Pteridium esculentum


Pteridium: like Pteris; a fern known to the ancient Greeks; from the Greek pteris
esculentum: edible; from the Latin esca and edere; in recognition of its value to the maori as a food plant

Common Name(s)

bracken, rarauhe, bracken fern

Current Conservation Status

2012 - Not Threatened

Conservation status of New Zealand indigenous vascular plants, 2012
The conservation status of all known New Zealand vascular plant taxa at the rank of species and below were reassessed in 2012 using the New Zealand Threat Classification System (NZTCS). This report includes a statistical summary and brief notes on changes since 2009 and replaces all previous NZTCS lists for vascular plants. Authors: Peter J. de Lange, Jeremy R. Rolfe, Paul D. Champion, Shannel P. Courtney, Peter B. Heenan, John W. Barkla, Ewen K. Cameron, David A. Norton and Rodney A. Hitchmough. File size: 792KB

Previous Conservation Status

2009 - Not Threatened
2004 - Not Threatened


Pteridium esculentum (G. Forst.) Cockayne



Flora Category

Vascular - Native

NVS Species Code


The National Vegetation Survey (NVS) Databank is a physical archive and electronic databank containing records of over 94,000 vegetation survey plots - including data from over 19,000 permanent plots. NVS maintains a standard set of species code abbreviations that correspond to standard scientific plant names from the Ngä Tipu o Aotearoa - New Zealand Plants database.

Structural Class



Pteridium aquilinum var. esculentum (G.Forst.) Kuhn


Indigenous: New Zealand: Kermadec (Raoul Island only), North, South, Stewart, Chatham and Antipodes Islands. Also South East Asia, Australia, Lord Howe, Norfolk Islands extending into western Oceania.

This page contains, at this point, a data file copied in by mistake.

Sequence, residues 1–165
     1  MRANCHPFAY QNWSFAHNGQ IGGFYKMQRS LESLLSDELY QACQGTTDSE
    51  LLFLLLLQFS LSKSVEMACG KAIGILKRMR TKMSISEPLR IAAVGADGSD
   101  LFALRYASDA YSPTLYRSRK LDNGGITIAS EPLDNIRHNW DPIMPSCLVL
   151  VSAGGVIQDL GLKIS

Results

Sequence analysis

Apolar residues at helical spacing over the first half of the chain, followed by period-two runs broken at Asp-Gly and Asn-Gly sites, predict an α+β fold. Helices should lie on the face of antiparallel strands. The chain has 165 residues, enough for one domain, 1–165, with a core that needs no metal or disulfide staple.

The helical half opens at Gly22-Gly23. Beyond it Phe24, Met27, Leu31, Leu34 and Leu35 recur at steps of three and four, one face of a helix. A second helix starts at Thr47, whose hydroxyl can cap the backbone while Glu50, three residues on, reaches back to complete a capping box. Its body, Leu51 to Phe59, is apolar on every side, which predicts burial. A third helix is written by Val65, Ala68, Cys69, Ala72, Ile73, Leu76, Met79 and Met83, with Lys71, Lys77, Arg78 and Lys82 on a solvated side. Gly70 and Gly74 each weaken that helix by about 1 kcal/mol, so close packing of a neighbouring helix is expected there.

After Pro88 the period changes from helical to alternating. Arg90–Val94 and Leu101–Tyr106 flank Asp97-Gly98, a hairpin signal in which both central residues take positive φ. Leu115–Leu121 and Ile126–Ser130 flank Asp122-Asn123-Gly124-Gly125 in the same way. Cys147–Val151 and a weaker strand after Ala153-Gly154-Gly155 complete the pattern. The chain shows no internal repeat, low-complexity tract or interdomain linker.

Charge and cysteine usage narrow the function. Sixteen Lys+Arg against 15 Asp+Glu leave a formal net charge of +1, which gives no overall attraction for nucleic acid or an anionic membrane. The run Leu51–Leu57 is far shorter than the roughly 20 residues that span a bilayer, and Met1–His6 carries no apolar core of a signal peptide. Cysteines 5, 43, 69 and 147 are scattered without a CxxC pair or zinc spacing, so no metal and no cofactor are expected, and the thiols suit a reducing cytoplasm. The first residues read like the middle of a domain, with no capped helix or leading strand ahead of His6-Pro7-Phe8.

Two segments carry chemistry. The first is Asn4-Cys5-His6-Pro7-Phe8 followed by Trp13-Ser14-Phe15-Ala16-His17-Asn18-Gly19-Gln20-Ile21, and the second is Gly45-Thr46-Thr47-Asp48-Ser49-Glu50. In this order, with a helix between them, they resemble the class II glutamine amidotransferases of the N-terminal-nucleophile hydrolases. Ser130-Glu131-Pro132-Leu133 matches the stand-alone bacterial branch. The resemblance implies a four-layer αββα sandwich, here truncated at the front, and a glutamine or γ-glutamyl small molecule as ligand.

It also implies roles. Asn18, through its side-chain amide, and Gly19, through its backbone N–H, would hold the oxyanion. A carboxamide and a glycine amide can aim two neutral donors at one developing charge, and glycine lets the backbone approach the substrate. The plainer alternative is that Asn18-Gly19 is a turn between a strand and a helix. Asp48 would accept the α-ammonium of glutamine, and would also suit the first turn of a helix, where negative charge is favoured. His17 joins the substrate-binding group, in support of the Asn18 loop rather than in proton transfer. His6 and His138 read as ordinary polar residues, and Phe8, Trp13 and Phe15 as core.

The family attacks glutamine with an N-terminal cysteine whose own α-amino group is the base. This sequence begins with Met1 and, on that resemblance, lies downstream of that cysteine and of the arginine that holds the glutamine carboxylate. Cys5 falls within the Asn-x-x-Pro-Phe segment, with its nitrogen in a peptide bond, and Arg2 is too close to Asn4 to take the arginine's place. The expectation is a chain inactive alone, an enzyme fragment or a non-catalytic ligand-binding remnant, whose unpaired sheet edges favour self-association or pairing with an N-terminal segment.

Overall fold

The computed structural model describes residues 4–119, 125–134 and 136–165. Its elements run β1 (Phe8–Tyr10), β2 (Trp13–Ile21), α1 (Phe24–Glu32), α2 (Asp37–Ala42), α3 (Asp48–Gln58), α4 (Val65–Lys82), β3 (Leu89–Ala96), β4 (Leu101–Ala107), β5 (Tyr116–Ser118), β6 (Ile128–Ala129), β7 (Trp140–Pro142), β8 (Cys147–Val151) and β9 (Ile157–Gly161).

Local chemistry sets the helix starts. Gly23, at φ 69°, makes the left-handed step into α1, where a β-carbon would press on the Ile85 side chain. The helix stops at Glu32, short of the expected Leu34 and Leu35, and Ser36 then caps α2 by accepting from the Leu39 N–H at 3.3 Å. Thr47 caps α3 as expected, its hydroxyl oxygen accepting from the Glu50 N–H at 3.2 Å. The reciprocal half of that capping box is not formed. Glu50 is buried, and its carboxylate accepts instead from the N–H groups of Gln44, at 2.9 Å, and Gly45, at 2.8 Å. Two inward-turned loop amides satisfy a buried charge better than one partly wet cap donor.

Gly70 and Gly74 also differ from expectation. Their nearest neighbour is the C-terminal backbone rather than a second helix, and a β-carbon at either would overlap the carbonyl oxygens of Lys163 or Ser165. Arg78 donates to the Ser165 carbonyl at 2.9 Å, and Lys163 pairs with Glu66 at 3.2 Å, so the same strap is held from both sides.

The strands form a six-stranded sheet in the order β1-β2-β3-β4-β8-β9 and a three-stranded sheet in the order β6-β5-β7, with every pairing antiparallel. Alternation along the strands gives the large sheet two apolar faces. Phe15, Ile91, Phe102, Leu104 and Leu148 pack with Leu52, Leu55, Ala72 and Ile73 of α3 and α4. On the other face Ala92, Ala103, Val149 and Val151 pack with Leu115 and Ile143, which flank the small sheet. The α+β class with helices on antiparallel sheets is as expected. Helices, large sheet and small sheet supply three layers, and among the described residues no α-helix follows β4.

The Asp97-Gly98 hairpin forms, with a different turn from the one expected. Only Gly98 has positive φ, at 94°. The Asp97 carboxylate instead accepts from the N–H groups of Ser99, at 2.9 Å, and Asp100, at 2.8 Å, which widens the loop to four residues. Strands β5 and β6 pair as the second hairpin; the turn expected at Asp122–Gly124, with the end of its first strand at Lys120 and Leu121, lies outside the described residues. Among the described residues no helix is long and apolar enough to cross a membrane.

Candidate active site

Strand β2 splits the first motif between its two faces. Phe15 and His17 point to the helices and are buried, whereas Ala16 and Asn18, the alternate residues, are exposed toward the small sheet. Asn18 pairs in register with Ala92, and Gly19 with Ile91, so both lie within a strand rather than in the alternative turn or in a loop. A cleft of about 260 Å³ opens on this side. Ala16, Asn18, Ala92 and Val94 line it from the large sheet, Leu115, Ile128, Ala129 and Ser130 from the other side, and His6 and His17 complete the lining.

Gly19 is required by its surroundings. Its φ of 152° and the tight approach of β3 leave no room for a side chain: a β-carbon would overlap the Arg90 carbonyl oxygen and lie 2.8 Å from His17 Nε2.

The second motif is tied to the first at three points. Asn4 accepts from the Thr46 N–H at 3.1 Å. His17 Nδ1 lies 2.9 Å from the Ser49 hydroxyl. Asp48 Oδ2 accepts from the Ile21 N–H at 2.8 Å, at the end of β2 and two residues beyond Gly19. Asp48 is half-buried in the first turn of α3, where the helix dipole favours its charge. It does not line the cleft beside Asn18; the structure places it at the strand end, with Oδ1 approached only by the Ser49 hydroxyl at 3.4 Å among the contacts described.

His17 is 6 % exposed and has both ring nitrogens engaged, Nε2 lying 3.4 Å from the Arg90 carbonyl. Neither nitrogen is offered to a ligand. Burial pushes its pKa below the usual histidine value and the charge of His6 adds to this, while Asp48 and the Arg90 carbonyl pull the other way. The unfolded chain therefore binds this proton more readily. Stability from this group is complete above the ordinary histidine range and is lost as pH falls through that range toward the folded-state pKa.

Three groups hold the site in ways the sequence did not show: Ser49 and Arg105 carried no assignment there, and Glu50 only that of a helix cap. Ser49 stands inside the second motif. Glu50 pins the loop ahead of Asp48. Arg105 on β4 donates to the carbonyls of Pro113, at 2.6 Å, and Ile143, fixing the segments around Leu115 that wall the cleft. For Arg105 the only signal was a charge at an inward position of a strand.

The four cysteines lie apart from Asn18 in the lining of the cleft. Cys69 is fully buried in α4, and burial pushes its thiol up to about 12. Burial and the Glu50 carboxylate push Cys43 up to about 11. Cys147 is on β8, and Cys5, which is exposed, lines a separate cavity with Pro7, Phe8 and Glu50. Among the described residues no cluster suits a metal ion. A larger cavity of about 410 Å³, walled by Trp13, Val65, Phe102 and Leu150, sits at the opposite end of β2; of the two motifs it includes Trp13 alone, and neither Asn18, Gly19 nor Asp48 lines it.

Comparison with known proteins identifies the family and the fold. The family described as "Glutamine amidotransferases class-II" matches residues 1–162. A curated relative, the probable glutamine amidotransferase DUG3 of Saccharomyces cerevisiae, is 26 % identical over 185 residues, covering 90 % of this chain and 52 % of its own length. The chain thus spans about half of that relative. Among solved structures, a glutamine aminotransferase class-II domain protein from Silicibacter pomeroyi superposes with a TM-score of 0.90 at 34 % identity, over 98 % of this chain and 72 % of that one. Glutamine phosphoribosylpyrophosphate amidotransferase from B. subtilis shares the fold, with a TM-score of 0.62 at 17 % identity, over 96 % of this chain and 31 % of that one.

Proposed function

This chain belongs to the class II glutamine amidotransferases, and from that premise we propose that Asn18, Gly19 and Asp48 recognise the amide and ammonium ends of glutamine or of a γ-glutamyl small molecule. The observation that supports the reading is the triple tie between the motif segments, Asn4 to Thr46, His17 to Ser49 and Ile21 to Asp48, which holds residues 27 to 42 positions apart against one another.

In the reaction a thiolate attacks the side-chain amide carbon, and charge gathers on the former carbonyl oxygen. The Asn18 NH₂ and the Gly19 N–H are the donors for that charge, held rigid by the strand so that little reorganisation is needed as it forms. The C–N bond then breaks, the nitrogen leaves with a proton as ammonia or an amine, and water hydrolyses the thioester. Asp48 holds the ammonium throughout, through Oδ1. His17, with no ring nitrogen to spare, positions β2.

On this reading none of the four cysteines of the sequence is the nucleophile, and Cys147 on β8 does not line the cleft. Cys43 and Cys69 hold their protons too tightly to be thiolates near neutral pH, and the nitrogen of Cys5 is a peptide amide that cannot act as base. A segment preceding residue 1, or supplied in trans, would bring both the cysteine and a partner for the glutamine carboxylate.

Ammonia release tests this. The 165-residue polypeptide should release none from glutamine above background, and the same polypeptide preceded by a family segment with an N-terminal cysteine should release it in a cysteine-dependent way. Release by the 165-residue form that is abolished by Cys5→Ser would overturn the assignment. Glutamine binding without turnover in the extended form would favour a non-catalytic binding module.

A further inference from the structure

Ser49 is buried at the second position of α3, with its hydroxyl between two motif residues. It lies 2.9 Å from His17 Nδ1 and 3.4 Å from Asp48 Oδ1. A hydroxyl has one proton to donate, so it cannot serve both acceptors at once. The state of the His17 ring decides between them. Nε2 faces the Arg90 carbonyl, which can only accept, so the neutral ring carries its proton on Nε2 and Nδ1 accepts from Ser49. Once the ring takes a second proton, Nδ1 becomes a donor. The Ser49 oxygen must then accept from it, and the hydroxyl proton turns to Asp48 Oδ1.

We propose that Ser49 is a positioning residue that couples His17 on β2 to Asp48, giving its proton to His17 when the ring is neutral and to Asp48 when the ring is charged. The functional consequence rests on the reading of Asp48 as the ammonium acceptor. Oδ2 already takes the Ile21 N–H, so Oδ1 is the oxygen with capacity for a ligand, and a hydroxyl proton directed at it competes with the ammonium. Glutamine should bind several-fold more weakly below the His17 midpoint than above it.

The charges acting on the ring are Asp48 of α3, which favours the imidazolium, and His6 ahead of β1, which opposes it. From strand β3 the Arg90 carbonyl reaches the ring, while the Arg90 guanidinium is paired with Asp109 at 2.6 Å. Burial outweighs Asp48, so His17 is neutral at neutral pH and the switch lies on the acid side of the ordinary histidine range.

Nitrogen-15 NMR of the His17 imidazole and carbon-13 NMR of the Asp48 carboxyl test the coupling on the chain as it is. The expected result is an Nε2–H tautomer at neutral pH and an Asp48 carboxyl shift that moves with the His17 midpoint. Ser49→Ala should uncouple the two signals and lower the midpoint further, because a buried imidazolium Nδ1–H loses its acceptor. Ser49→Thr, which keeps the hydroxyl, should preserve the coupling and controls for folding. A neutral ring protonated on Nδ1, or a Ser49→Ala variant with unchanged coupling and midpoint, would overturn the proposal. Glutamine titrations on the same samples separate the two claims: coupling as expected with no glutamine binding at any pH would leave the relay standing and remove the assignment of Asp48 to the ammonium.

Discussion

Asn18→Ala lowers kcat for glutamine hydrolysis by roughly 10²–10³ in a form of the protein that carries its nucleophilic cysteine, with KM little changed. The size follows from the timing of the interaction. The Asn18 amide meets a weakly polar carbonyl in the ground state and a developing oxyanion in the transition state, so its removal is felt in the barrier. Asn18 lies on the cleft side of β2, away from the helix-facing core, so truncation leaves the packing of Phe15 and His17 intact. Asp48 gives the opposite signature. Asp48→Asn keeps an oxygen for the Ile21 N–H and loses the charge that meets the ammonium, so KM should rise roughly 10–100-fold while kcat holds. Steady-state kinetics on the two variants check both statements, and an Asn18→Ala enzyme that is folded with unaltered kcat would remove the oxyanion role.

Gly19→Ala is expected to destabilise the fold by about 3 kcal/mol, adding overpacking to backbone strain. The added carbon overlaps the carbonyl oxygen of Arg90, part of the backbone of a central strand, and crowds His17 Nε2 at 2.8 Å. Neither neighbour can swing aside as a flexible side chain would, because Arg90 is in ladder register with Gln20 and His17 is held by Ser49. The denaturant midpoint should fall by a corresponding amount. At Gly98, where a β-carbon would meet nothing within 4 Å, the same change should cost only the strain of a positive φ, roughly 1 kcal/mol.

Common in mainly seral habitats from the coast to the low alpine zone.


Fern with deeply rooted, subterranean rhizomes. Stipes and rachis chestnut brown at base, yellow-brown to russet at apex, woody, grooved, smooth, bearing sparse non-glandular hairs or ± glabrous stipe 0.2-1.3(-2.0) m or more long, 3-8(-15) mm diameter, woody. Lamina broadly elliptic or broadly ovate, 0.25-1.5-1.8 × 0.2-1.0-1.4 m wide, 3-4-pinnate at base, dark green (often glaucescent) above, paler beneath, adaxially glabrous, abaxially with sparse red-brown hairs on midribs and dense colourless appressed non-glandular hairs along veins. Longest pinnae arising at narrow angles; longest 150-650 × 80-400 mm. Secondary pinnae arising at narrow angles; longest 50-260 × 15-130 mm; basal one often much-reduced; midribs of primary and secondary pinnae narrowly winged. Tertiary pinnae decreasing markedly in length along secondary pinnae; longest 7-70 × 2-20 mm, with winged midribs. Quaternary pinnae to 12 × 4 mm; ultimate pinnules linear, straight, acute, entire, adnate and decurrent on 1 side. Sori continuous along pinna margin. Indusium > 0.2 mm wide, membranous, entire, glabrous. Spores dark yellow to orange yellow., granulose.

Similar Taxa

A distinctive species which could not be confused with any other indigenous, naturalised or exotic fern present in New Zealand.


None (spore bearing)

Flower Colours

No Flowers


None (spore bearing)

Propagation Technique

Despite its weedy nature this species is actually surprisingly difficult to grow from spores and/or transplants of young or mature plants. Best results seem to be from plants which spontaneously arise as pot contaminants within nurseries.


Not Threatened.

Chromosome No.

2n = 104

Endemic Taxon


Endemic Genus


Endemic Family


Where To Buy

Rarely if ever, deliberately cultivated. Does not appear to be commercially available.


Fact sheet prepared for NZPCN by P.J. de Lange 11 January 2011. Description adapted from Brownsey (1998) and Brownsey & Smith-Dodsworth (2000).

References and further reading

Brownsey, P.J. 1998: Dennstaedtiaceae: Flora of Australia 48: 214-228.

Brownsey, P.J.; Smith-Dodsworth, J.C. 2000: New Zealand Ferns and Allied Plants. Auckland, David Bateman

This page last updated on 13 Jan 2014